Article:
Maybe the result will be OK on your screen, but you can forget high quality printing. To understand why, just check out the example below. On the left, I used the zoom. On the right, I just got closer. Do you see the difference?
Tip #9: Use the grid mode and apply the rule of thirds.
Activate the grid mode in your smartphone settings. First, it will help you avoid unexpected angles. Second it will help you add a professional touch to your photo, thanks to the rule of thirds.
What is the rule of thirds? Well, this theory affirms that human eye is naturally more interested by images divided into thirds (vertical and horizontal). So, to make the most of this fact, professional photographers often place their subject at the intersections of the thirds. This allows the reader to have a better view of the environment the subject is evolving in, and help the author to guide the reader’s eye in the story.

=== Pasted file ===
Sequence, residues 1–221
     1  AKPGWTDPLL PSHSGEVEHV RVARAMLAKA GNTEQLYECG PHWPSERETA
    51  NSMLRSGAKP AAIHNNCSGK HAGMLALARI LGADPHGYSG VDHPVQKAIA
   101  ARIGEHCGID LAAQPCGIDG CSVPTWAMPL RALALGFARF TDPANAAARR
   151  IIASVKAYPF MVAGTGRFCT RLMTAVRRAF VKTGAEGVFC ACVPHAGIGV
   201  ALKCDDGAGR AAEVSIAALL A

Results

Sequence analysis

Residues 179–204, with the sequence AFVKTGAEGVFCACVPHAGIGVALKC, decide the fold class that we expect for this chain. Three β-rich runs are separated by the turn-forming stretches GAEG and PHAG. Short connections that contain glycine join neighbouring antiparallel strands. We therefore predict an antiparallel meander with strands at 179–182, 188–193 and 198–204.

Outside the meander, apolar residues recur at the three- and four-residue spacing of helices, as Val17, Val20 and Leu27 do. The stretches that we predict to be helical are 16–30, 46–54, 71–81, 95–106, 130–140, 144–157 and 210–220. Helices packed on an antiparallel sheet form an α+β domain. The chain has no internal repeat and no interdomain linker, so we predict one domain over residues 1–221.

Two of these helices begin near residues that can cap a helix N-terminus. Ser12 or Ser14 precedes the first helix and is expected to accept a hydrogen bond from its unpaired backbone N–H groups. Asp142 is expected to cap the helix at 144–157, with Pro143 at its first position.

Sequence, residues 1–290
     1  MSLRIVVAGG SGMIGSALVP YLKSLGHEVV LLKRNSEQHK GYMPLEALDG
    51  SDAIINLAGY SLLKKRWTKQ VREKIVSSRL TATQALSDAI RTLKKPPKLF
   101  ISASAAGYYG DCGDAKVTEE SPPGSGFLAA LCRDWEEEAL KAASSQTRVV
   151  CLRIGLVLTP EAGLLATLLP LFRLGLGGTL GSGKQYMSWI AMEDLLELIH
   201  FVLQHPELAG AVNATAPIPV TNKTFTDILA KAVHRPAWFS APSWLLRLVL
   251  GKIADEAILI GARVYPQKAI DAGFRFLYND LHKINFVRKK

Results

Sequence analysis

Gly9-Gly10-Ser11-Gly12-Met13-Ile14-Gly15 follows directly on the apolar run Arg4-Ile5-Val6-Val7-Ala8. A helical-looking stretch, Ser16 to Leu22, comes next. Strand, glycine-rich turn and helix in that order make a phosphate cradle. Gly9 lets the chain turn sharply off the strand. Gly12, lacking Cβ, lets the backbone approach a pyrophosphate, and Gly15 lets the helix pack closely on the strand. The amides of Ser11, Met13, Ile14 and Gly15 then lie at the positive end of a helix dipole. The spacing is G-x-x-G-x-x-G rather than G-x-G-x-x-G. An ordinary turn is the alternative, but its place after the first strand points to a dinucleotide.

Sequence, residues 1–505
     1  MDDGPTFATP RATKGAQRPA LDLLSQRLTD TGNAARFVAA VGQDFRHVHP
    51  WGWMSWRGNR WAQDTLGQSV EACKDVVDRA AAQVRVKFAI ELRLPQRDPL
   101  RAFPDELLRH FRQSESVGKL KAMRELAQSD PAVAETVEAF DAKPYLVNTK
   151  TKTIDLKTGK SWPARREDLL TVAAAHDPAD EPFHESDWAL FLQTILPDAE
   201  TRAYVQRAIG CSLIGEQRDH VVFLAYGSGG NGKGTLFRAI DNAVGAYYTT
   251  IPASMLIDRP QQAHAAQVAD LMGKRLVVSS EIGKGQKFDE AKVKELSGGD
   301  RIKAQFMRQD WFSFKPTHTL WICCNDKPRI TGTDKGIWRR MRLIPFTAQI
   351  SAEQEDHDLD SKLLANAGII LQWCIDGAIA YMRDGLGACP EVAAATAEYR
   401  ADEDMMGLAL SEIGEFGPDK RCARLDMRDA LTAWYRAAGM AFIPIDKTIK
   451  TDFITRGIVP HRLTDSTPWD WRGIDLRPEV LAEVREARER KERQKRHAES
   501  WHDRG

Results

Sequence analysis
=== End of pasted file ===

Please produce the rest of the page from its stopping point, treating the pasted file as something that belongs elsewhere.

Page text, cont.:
Tip #10: Think before you click.
Keep in mind that your photos will be published in the yearbook, with other images, titles and texts. Here are basic questions to ask yourself about your photo composition:
– What is the real subject of my photo?
– Is there something problematic between me and my subject? (an object, a tree branch, am I too close, etc.)
– Is there something at the background that could harm the story of my picture? (is the background too busy for the subject in the photo?)
– Could I use the environmemt to guide my reader’s eye? (something geometric, obvious lines or curves, etc.)
When you have all the answers, just try multiple angles and take several shots for each. It’s better to have too many rather than not enough… sometimes, having a selection to choose from will save you time (and conflicts).#Yearbook Photography tip: try multiple angles and take several shots. Click To Tweet